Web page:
Well it is a clothing tutorial, which there are not too many of, from a PA whose style I really do like.
    And it is in PDF which I like as well.
    But I am using the many Hexagon tutorials at the same time.
    It's all just good fun. :)

  • RoygeeRoygee Posts: 1,888
    edited December 1969

    There are actually tons of really Hex tuts on modeling clothing - Google "modeling clothing in hexagon" and see the pages of hits:) Mostly vids, though, so if you prefer PDF you won't have a lot of luck.

    Still, as long as you are learning and enjoying it, that is what is important:)

  • IppotamusIppotamus Posts: 1,253
    edited December 1969

    Phew, this stuff is hard.
    I just barely got through the coffee cup tutorial.
    Working on the hairbrush this week.
    Hoping some of these tools will sink in along the way.
    It's like throwing Hexagon at a brick wall sometimes.

    I'm the brick wall.

  • GeddGedd Posts: 2,473
    edited December 1969

    Here's something that might help Ippotamus. My experience is that we learn in layers. Basically, we learn x amount of a topic working on it over a given period of time. What x is varies from person to person, what related knowlege one has, etc... at a certain point we start to find things difficult. After a while, if we come back to the same topic we are able to start absorbing the material on a whole new level and what seemed hard is now only challenging. Again, after absorbing as much as we can, we need time before we can start to absorb on a whole new level, at which point the material becomes understandable, and finally, after the next such iteration, it becomes easy. Meanwhile, all along we find other things to fill the other slots of hard, challenging, understandable... Basically, it seems our brain needs time to sort through all we have processed on a conscious level and fit it into the unconscious sub-matrix we work from as a base, so we need to build it up in layers.

    This of course is totally speculative on my part, coming from learning and teaching experience rather then scientific methodology, but it works as a useful construct for me.

  • RedSquareRedSquare Posts: 0
    edited April 2013

    Bingo!

    My experience is that we learn in layers
    He is sooo right ippy' I much prefer his explanation for the plateau effect, I also come from that background although with a technological bent thrown in. ;-)

    Post edited by RedSquare on
  • GeddGedd Posts: 2,473
    edited April 2013

    Well that's the point. The plateau effect people talk about I believe is just a temporary pause while our brain plays catch-up with processing and filing everything we've learned recently. This is the time we need to take a vacation and go scuba diving in the Caribbean for a month or so (I wish ;p )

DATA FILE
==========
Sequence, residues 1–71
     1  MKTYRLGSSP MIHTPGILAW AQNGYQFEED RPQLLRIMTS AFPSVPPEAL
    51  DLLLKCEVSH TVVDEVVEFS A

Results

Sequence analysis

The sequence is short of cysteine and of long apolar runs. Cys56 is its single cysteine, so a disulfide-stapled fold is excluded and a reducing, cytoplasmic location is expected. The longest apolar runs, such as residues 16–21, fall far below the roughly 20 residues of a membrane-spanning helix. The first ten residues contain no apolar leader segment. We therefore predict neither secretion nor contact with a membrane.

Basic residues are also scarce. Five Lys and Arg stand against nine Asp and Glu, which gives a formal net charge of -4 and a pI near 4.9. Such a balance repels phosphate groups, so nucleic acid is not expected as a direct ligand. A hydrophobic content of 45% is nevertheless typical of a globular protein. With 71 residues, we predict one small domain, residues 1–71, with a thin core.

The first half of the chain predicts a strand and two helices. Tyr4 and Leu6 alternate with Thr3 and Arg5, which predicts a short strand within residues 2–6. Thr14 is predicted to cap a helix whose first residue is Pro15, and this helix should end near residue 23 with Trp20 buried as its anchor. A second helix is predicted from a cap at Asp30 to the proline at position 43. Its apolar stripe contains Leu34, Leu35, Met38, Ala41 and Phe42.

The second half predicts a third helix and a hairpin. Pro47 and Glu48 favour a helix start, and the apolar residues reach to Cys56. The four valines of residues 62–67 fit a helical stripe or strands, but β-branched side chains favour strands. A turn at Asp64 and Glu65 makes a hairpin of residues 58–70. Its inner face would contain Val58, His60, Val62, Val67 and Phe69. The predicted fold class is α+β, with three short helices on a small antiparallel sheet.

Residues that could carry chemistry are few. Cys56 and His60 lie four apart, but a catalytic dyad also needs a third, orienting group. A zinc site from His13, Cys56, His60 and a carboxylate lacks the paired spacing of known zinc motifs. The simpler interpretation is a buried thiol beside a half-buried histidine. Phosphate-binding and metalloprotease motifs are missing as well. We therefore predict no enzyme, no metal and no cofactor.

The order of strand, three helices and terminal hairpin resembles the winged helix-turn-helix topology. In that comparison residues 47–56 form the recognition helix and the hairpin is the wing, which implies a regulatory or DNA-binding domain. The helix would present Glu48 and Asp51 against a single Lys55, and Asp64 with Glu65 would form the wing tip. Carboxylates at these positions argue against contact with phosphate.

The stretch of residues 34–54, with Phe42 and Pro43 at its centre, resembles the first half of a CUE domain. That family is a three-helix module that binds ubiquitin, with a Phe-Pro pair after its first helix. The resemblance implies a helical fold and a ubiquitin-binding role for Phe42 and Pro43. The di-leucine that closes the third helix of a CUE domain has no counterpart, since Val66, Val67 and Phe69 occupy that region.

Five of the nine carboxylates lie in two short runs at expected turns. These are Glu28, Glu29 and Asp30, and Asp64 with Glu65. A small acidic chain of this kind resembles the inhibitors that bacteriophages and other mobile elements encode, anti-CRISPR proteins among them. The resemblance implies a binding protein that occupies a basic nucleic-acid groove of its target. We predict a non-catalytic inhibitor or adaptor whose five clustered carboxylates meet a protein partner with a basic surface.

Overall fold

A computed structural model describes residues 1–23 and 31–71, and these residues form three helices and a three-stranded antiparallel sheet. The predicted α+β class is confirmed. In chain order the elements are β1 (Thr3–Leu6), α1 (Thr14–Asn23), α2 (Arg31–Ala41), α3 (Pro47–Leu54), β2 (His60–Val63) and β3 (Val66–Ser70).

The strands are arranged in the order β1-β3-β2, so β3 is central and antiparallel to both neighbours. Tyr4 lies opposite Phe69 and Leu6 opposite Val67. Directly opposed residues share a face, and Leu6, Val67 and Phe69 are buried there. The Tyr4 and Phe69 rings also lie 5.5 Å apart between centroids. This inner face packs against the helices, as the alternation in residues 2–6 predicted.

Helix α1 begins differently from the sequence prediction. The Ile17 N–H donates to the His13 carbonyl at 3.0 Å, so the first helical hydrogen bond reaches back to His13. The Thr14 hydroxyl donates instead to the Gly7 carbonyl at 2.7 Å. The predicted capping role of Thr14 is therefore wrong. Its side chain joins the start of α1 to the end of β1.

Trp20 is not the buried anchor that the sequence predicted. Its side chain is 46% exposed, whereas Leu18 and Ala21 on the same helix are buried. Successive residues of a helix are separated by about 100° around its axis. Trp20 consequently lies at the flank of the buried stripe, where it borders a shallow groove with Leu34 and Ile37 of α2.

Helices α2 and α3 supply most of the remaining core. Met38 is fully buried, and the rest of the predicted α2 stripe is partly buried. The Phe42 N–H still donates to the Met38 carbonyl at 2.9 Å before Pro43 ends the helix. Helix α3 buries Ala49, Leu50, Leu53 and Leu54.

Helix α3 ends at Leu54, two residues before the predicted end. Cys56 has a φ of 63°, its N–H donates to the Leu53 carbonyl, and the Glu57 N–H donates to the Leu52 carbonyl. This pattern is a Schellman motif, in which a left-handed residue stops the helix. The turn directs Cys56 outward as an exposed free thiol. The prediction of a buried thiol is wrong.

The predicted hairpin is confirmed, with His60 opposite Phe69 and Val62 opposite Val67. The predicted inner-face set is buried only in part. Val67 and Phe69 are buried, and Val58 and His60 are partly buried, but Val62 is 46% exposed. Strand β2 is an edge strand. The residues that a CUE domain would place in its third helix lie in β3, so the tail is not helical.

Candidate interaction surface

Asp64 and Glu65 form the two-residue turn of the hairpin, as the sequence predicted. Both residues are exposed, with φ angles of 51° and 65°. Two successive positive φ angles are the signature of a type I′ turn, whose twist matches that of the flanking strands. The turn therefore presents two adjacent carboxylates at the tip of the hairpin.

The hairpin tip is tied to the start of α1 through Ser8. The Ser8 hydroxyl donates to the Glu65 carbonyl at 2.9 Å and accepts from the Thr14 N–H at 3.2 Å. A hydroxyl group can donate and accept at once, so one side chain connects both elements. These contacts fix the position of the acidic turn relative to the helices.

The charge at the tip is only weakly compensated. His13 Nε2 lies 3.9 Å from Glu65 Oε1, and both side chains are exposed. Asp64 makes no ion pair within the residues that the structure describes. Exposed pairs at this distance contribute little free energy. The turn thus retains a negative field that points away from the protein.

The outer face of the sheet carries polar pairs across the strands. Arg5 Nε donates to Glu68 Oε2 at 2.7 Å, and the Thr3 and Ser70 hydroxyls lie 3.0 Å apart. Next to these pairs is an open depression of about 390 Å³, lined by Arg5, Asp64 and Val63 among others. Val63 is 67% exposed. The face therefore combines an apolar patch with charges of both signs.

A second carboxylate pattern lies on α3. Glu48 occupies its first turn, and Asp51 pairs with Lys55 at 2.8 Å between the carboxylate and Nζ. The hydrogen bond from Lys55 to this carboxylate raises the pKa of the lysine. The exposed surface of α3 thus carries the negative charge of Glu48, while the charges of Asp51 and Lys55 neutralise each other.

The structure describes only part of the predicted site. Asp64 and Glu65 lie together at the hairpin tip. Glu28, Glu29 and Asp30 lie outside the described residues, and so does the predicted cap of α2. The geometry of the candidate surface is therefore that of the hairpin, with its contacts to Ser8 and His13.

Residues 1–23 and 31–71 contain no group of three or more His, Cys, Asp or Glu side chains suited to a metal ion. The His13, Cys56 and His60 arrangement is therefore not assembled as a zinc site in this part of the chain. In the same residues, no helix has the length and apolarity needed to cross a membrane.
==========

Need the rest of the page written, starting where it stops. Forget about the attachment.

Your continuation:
Actually, in my experience the pause period can be short, or in some cases months or more... when it extends over a long period we tend to think we are just stuck but I believe it's just we have a lot processing in the background.

    Post edited by Gedd on
  • IppotamusIppotamus Posts: 1,253
    edited December 1969

    Oh, I just knew patience was going to work its way into this.
    I guess I can practice that while I wait for things to sink in. :)

  • TigrestripeTigrestripe Posts: 65
    edited December 1969

    Gedd said:
    Well that's the point. The plateau effect people talk about I believe is just a temporary pause while our brain plays catch-up with processing and filing everything we've learned recently. This is the time we need to take a vacation and go scuba diving in the Caribbean for a month or so (I wish ;p )

    Actually, in my experience the pause period can be short, or in some cases months or more... when it extends over a long period we tend to think we are just stuck but I believe it's just we have a lot processing in the background.

    That would explain it. I have very little time, about 3 hours in the evening, to tool around with 3D and any other stuff I might be doing. I thought it would be better just to keep to modeling first and then move to the next parts. UVs, materials, mapping etc.

  • GeddGedd Posts: 2,473
    edited December 1969

    DaRkWyNdE said:
    I have very little time, about 3 hours in the evening, to tool around with 3D and any other stuff I might be doing.

    Yes it is tough when time is so limited. This I think is one of the secrets behind 'professional' vs 'hobbyist.' People who decide to be a 'professional' at something make a life commitment in hours etc that give them an advantage over someone with less hours to put towards it. This comes at a cost ofc for the person who decides to be a professional in something as challenging as the arts in making a living. The other thing is, there are no guarantees in life. Many hobbyists end up doing some very professional level work where some professionals never really break out even after all the work and commitment they put into it. Either way, it's good to encourage any and everyone to express themselves creatively, for themselves and all of us as a whole imo. It's good for the soul, and no one ever knows what may come from the nooks and crannies.

    (Definition 'Break Out': to reach a point the tools become second nature and allow the full capacity of the brain to explore creative aspects. Possibly an elusive goal where whatever gets created ends up being during the process of trying to reach it.)